"Everybody feels that they were inappropriate," Halle said of Trump's comments. "A church, a synagogue, should not be a fortress. It should be an open, welcoming place to feel safe," he continued.
But Trump didn't care and came for his photo ops, and to promote Republican candidate Keith Rothfus via Twitter:
Yesterday in Pittsburgh I was really impressed with Congressman Keith Rothfus (far more so than any other local political figure). His sincere level of compassion, grief and sorrow for the events that took place was, in its own way, very inspiring. Vote for Keith!
— Donald J. Trump (@realDonaldTrump) October 31, 2018
Trump told Fox News on Monday night:
"I'm also going to the hospital to see the officers and some of the people that were so badly hurt," Trump said. "I really look forward to going. I would have done it even sooner, but I didn't want to disrupt any more than they already had disruption."
But his visit was drowned out by thousands who took to the streets of the city to protest, marching toward the synagogue, singing songs, and holding signs that said, ""Refugees Are Not Invaders," "Pittsburgh Builds Bridges Not Walls" and "Pittsburgh Welcomes All Who Don't Hate."
"It's an unbelievable image that we're looking at. These are peaceful protesters, walking along, grieving about the tragic death of 11 of their neighbors in a synagogue on Saturday, and protesting the presence of Donald Trump, the president, in their community today." pic.twitter.com/AuZbQxIq0o
— MSNBC (@MSNBC) October 30, 2018
Tuesday evening, Tracy Baton, director of the Pittsburgh chapter of the Women's March on Washington, stood on the steps of the Sixth Presbyterian Church and spoke to thousands:
Those who "would insert themselves on a national stage, into a city in mourning, before the dead are buried, is unacceptable," she said. "Those that would limit our neighbors' vote, that would foment hate against the Jewish community, Muslim community, people of color, LGBTQ people, as well as wage a war on women's bodies, are not welcome here!"
Jewish group IfNotNow organized a protest and sat shiva. Organizer and Pittsburgh resident Diana Clarke told the crowd, "We are here to mourn the 11 Jewish people who were killed on Saturday. We are here to mourn the two black people who were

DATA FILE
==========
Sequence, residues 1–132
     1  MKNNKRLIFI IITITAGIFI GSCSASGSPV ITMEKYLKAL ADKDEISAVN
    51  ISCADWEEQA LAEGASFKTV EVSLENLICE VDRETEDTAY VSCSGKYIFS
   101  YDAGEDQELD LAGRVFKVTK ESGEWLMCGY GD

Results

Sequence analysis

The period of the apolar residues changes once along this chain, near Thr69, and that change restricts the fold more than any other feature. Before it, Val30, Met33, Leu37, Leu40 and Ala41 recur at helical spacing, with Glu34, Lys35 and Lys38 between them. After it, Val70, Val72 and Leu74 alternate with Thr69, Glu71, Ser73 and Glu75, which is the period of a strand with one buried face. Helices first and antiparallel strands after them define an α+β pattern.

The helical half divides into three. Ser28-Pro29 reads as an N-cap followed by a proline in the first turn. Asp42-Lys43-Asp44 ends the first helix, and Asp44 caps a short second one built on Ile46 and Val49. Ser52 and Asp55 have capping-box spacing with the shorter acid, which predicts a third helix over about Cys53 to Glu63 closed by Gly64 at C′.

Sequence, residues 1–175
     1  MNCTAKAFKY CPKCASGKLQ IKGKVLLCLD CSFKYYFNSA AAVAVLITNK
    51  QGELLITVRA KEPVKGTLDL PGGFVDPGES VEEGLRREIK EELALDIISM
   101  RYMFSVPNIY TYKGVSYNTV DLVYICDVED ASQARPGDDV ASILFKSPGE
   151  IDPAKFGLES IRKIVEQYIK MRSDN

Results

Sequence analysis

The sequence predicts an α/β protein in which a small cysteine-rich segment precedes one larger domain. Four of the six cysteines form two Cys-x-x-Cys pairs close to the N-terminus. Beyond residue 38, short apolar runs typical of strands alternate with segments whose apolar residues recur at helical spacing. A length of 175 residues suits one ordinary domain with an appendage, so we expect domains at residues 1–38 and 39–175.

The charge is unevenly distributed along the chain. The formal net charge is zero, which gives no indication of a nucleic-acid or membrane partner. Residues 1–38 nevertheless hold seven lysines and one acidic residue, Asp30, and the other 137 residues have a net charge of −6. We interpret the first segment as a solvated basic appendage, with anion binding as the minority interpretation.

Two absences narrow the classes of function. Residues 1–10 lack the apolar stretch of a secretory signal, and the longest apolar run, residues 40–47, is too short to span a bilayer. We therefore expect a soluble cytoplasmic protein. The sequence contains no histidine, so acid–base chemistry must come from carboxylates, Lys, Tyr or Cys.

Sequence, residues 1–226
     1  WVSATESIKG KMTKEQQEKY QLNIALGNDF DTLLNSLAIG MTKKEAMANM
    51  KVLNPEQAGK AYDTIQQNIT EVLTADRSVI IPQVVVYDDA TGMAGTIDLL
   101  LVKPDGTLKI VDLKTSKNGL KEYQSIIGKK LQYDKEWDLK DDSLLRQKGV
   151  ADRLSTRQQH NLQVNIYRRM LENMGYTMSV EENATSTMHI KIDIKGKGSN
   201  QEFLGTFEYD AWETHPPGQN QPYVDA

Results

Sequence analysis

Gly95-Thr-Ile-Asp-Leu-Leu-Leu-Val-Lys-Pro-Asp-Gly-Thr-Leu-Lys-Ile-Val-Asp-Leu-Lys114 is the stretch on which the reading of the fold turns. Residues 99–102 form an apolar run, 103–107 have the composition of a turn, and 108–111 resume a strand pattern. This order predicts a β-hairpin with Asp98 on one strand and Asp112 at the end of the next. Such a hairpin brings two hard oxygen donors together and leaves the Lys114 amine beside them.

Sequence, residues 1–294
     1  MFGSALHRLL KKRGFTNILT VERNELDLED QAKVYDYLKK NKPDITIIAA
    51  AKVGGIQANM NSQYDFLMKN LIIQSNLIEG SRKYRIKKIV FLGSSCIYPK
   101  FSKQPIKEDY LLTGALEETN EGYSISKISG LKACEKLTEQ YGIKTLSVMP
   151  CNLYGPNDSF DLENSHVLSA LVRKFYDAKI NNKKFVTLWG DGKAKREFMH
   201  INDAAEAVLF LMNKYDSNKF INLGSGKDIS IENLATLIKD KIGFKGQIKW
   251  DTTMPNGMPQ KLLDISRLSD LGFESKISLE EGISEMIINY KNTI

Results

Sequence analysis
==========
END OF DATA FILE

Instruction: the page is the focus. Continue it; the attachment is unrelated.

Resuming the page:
shot by a white nationalist in Louisville, Kentucky, last week."
"I think that Donald Trump represents white nationalism and white supremacy, and that has no place in the mourning lives lost to exactly those systems that his administration upholds," Clarke told HuffPost.
"We have people who can't sit shiva because you're blocking our streets!" the Rev. Susan Rothenberg, a Presbyterian minister screamed at Trump when he arrived. "These people can't grieve! You're causing them pain!"
She continued, "You only care about you! You are not welcome on my street! These are my neighbors that were killed! You are not welcome in Squirrel Hill! Do you understand that?"
Black folks must look alike to the dimwits at Fox News.
Misogyny in full force.
Kevin Jackson, a Black Fox News contributor, was fired for his Twitter comments during the hearings about the women who accused Kavanaugh of assault and misconduct.
"#ChristineBlaseyFord academic problems came from her PROMISCUITY!" he wrote on Twitter during the Senate appearance. "Dang girl stop opening your legs and OPEN A BOOK!"
His campaign tactic of offending others rallies his base.
At his Great Falls, Mont., rally yesterday, President Trump doled out insults to Rep. Maxine Waters, Sen. Elizabeth Warren, Hillary Clinton and survivors of sexual harassment and assault — as if he didn't care that his "grab 'em by the p***y" comments and assaults weren't part a catalyst for the movement.
Former Trump Campaign Aide Uses 'Cotton-picking' on Fox News Broadcast over Whether Liberals Complained About Racism too Much
Conservative language continues to signify white supremacy and Nazi ideals, pre neo-Nazi D.C. rally.
On a Fox News broadcast, David Bossie, a former Trump aide, bashed the language CIA Director Michael Hayden used in comparing the Trump administration to Nazi regime. But then he used language that was a nod back to the days of slavery in the U.S. when talking to a Black Democratic strategist.
Our journalist, Frank Kineavy, helps us understand Krauthammer's legacy — and what a powerful role model he is to everyone excelling in their career (who has a disability).
For nearly 30 years Charles Krauthammer has been one of the most stoic and prolific political commentators of his time. First a columnist at the New Republic and the Washington Post, later a talking head for Fox News, this conservative pundit has gained national admiration for his ability to express his opinion in an unapologetic yet dignified manner.
Trump Quickly Responds to Tomi Lahren's Brunch Incident, But He Could Care Less About Waffle House Hero or War Hero
The Fox News pundit gets splashed with water at brunch and Trump comes to her defense.
A video of the polarizing Fox News commentator Tomi Lahren being splashed with water by another patron and heckled at a Minneapolis restaurant last weekend for her racist on-air commentary has gone viral. President Donald Trump was quick to respond.
Meanwhile, it took Trump 22 days to call a Black man who saved the lives of Waffle House customers. Also, he did not immediately fire one of his aides for making a death joke about Sen. John McCain, a war hero fighting terminal brain cancer.